You will find a lot of numbers out there, most of them depicting certain aspects of diversity. McKinsey for example published a study in which they looked at the relationship between the level of diversity (defined as a greater share of women and a more mixed ethnic/racial composition in the leadership of large companies) and company financial performance. One of the findings: Companies in the top quartile for gender diversity on their executive teams are 21 percent more likely to experience above-average profitability than companies in the fourth quartile.
It is time to grow up and grow together.
What is the state of things?
Many countries have legal regulations affecting companies like quotas or subsidies. Diversity can be found within human resources efforts and marketing strategies and even be an essential part of corporate culture, especially at multinationals that spend a lot of money on making sure everybody is on-board and the whole world knows about it. Just like Hewlett-Packard: The company’s diversity programmes encompass eight dimensions, including age, gender and disability. There is an endless number of internal networks and external organisations or events companies support like Girls Who Code or Sticks and Stones which concentrate on specific parts of our personal identities. UN Women partners with big advertisers in an alliance to challenge and advance the ways women are represented in ads. Lists like The Best Workplaces for Diversity rank companies that create inclusive cultures. One could say: everybody is talking about diversity, in some way.
So how about the results?
If you are Primark, is it alright to manufacture your 2018 Pride Collection in Turkey and Myanmar, countries well known for LGBT rights violations? We see many a brand celebrate diversity in one country and at the same time do business with authoritarian regimes. Many wonder whether the CEOs forget their values, doing anything for the money or whether there is hope that they will try to softly change the status quo – through alliances and discussions rather than sanctions and absence.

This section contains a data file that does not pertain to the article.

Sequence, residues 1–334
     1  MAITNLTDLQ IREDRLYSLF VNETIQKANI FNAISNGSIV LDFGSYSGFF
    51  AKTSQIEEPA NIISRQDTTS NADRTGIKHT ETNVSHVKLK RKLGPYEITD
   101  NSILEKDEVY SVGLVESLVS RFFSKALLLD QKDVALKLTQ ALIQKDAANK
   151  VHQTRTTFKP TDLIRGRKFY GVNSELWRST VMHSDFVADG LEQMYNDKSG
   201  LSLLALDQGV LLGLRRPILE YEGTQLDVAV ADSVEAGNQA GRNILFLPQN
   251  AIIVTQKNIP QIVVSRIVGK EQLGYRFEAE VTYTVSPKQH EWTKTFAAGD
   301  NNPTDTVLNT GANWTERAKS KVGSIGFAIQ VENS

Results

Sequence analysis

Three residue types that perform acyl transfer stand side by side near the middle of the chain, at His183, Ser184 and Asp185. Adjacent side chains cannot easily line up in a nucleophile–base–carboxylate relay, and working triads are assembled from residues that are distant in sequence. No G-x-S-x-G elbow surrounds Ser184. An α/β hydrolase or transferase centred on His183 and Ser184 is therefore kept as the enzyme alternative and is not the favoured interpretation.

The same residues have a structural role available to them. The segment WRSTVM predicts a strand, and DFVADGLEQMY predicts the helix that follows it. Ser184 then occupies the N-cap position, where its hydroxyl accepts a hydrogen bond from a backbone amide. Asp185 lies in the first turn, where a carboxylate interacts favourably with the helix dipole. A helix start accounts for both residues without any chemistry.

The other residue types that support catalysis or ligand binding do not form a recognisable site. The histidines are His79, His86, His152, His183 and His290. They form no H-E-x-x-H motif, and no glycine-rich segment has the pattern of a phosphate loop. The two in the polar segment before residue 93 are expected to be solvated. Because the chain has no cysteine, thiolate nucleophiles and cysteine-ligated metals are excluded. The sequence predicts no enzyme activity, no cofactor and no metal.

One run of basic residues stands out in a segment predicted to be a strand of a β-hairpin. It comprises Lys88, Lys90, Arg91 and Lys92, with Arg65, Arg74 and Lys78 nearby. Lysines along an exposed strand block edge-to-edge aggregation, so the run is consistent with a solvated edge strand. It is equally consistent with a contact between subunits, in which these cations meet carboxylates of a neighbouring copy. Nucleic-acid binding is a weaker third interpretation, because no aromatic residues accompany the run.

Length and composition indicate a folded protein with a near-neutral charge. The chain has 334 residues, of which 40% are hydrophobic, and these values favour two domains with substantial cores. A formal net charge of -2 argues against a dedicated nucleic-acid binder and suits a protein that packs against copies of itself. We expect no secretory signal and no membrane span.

Sexism can still be found in advertising all over the world, a lot, while lesbian women seem to be non-existing. Same goes for people with disabilities – apparently they make others uncomfortable. Only 25 of the CEOs who lead the companies that make up the 2018 Fortune 500 list are women. Exactly one of them is openly gay. When you count the members of the boards of directors in all of Germany’s publicly traded companies you will find 50 women and 636 men. The gender pay gap remains huge and ageism may now be even more pervasive than sexism and racism. Let’s be frank: there is still a lot of work to do, in many fields.
How can we change things?
Everyone of us can start by trying to be an open minded individual who embraces diversity.
The international marketer experiment would like to kick off a diversity project by showing examples of how brands face the challenges related to diversity. Good ones. Bad ones. Odd ones. From now on you will find them on Twitter at @BrandsDiversity.
One of the next steps will be an information board.
If you would like to join the project, you can do this in several ways:
Share stories and examples
Either write an email to email@example.com or write a direct message at Twitter. There are 195 countries in the world and you wouldn’t want us to miss yours.
Think, there is something else one should do? Tell us!
Spread the word
If you feel like this is an interesting project, then let everybody know.